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books and reading

The Deep

Title: The Deep

Authors: Rivers Solomon, Daveed Diggs, William Hutson, Jonathan Snipes

Genre: Black science-fiction

PopSugar Reading Challenge Prompt: A book set mostly or entirely outdoors.

The concept of this book is just so cool. Rivers Solomon heard the song “The Deep” by the band clipping. and was so moved that they wrote this novella in response. You can find the lyrics and a clip (pun intended) of the song here. I wanted to listen to the song before I read the book so I could be in the same frame of mind that Solomon was. And the song was really familiar. I’m a big Hamilton fan, so I knew Diggs had a rap group, but I’ve never listened to any of the songs. When I read the Afterword, I realized that clipping. wrote the song for an episode of This American Life. That’s when the light bulb went off. I heard that episode. It’s an excellent one about Afrofuturism. Here’s a link.

From Goodreads: Yetu holds the memories for her people—water-dwelling descendants of pregnant African slave women thrown overboard by slave owners—who live idyllic lives in the deep. Their past, too traumatic to be remembered regularly, is forgotten by everyone, save one—the historian. This demanding role has been bestowed on Yetu.

Yetu remembers for everyone, and the memories, painful and wonderful, traumatic and terrible and miraculous, are destroying her. And so, she flees to the surface, escaping the memories, the expectations, and the responsibilities—and discovers a world her people left behind long ago.

Yetu will learn more than she ever expected to about her own past—and about the future of her people. If they are all to survive, they’ll need to reclaim the memories, reclaim their identity—and own who they really are.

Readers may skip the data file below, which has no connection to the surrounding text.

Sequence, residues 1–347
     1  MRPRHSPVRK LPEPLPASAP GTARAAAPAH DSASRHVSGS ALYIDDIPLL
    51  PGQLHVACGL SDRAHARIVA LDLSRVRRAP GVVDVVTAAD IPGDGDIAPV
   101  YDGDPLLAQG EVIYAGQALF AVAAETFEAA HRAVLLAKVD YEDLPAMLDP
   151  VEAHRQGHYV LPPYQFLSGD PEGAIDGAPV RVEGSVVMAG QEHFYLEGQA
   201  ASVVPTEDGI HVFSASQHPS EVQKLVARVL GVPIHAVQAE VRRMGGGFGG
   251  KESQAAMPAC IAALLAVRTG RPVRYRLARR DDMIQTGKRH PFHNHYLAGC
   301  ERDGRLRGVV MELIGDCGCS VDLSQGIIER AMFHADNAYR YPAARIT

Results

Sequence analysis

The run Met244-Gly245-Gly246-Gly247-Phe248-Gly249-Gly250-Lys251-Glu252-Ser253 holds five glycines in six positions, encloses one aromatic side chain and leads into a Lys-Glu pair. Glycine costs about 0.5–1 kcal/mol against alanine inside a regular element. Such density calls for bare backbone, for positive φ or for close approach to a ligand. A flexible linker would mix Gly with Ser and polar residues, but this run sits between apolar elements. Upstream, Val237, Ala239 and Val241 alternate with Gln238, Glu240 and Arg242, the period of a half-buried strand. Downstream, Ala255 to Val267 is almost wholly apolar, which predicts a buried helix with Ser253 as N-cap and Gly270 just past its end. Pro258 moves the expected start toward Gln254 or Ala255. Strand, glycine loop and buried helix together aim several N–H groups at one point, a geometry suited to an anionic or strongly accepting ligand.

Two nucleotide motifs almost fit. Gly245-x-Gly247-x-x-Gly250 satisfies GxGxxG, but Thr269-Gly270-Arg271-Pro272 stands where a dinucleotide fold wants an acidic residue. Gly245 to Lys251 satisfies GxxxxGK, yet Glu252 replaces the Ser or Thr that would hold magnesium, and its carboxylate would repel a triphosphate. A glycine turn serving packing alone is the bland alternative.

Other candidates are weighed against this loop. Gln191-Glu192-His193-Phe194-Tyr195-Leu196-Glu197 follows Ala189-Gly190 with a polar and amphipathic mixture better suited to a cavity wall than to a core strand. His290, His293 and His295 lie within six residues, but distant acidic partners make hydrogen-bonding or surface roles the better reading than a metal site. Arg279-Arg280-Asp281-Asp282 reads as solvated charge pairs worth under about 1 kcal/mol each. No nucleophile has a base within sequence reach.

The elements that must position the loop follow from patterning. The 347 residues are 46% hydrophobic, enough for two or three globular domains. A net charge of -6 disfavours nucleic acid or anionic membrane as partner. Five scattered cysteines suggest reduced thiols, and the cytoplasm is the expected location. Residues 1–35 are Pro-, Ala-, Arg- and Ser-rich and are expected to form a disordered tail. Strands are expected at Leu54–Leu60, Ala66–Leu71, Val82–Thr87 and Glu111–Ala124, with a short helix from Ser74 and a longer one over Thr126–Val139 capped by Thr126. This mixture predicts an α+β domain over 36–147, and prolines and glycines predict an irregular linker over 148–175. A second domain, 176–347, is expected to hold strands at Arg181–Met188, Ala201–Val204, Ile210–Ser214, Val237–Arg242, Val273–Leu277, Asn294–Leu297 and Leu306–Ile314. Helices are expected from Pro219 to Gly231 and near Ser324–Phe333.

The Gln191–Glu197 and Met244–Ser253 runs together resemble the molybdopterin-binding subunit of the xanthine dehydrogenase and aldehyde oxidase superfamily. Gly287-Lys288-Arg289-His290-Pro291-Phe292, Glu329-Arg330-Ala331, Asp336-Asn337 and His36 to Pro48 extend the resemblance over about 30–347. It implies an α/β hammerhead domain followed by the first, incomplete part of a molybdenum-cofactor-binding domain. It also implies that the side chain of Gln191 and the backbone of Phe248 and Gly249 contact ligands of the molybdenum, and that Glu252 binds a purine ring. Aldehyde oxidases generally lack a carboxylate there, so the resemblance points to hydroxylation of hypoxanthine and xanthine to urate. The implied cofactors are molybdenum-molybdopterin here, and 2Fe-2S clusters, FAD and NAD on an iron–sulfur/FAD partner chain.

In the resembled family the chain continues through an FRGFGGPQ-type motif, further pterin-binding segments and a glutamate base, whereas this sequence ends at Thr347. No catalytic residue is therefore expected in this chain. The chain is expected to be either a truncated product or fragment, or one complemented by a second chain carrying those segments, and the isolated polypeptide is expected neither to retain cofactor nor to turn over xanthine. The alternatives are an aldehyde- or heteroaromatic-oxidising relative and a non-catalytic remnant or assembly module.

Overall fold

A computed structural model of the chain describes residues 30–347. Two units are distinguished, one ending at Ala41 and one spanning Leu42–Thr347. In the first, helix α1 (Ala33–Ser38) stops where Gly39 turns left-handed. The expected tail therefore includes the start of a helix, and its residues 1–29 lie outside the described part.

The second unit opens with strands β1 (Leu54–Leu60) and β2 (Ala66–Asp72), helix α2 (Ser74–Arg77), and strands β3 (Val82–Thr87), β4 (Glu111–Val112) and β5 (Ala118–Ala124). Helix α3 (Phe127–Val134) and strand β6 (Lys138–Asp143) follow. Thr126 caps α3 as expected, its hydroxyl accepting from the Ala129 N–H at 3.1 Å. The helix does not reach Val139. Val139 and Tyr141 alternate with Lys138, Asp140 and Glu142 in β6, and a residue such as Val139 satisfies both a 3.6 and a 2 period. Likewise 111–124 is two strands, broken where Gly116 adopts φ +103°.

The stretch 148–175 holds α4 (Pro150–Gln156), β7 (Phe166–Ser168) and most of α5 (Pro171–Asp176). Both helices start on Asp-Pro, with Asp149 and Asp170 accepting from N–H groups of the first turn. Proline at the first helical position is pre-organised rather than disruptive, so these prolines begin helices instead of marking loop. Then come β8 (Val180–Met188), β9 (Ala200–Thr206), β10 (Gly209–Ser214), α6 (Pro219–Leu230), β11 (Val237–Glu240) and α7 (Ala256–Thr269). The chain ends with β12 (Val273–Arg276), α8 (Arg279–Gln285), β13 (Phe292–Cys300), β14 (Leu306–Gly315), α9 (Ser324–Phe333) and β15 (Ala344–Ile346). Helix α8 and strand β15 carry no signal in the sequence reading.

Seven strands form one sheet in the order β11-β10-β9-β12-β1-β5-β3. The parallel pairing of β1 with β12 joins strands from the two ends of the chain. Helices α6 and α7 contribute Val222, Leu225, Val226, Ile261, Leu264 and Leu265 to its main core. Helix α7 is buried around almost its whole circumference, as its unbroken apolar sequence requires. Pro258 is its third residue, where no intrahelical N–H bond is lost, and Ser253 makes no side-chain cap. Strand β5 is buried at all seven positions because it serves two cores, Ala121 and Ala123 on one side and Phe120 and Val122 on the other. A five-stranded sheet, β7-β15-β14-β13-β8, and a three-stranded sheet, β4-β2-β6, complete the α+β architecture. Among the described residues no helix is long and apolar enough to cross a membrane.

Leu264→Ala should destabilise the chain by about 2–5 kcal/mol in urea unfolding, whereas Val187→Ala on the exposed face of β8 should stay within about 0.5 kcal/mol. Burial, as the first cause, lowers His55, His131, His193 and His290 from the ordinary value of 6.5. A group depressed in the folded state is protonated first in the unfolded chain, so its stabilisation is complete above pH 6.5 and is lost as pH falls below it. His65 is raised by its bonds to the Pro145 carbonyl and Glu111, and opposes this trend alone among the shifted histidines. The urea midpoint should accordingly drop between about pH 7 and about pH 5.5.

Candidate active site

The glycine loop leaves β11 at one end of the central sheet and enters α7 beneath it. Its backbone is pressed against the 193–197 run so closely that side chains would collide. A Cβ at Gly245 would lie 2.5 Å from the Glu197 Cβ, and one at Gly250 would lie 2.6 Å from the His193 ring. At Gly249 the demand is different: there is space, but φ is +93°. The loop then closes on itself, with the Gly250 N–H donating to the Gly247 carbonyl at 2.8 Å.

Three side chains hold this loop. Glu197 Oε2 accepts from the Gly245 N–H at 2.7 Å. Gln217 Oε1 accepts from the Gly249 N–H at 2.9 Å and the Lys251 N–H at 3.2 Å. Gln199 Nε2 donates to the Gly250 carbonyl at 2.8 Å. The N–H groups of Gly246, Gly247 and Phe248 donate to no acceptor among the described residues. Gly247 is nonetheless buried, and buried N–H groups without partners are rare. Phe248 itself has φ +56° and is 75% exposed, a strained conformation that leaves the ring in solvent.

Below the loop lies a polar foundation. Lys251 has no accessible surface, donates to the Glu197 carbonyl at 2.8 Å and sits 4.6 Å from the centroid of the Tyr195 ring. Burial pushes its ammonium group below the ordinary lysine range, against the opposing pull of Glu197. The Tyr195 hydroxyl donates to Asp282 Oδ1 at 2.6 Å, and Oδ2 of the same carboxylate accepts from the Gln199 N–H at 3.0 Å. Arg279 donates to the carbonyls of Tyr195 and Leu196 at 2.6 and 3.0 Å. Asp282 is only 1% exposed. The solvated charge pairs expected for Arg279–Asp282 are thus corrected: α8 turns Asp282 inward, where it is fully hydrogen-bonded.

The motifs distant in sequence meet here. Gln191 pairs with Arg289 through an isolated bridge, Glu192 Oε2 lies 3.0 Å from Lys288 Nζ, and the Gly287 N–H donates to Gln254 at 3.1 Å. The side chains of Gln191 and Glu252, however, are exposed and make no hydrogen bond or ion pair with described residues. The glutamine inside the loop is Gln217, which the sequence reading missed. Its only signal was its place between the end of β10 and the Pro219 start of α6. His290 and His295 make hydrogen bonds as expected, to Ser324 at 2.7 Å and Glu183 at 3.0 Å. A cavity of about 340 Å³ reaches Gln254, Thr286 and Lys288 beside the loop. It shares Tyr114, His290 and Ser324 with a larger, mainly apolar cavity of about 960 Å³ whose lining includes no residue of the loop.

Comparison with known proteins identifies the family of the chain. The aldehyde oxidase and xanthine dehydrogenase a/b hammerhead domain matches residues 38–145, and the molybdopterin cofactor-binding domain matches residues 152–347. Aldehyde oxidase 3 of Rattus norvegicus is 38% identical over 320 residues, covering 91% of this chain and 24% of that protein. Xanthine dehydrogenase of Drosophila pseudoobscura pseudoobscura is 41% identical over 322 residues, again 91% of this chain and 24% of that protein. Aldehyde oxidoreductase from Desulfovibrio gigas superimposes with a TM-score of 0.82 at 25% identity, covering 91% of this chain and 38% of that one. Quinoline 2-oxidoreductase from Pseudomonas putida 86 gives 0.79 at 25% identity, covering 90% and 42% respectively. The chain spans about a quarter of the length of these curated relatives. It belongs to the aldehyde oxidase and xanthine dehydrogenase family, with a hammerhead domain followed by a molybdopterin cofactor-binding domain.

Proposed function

I’m not a fantasy/sci-fi person at all. It’s my least favorite genre. Well, romance is way worse. But I read An Unkindness of Ghosts last year, and I have Solomon’s newest, Sorrowland, from Netgalley to read, so I wanted to read The Deep as well. The concept is kind of like The Giver where one person holds the past memories of the community, but that’s where the similarities end. Yetu is trying to find who she is deep down and ends up making connections where she least expects it. This book was great. I love that it’s inspired by a song, because music and lyrics can truly be powerful. This book was impactful and will stick with me for awhile.

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books and reading

Little Heaven

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At some point, Stephen King recommended one of Nick Cutter’s books. I make a point to check out his recommendations when I can. I’ve learned that he is pretty spot-on with his recommendations. And Nick Cutter is for sure a great one. I’ve read The Deep and The Troop and enjoyed them both. The Deep was better, for me, but The Troop is more graphic if that’s your kind of thing. So, when I needed a western for the PopSugar Reading Challenge, I knew I had to think out of the box. I don’t like westerns, and I really have no desire to read them. I’m sure some are great, like Lonesome Dove, but I would rather read something Western-ish. I recommend Unbury Carol, if you haven’t read that one. It’s definitely a western but also really great.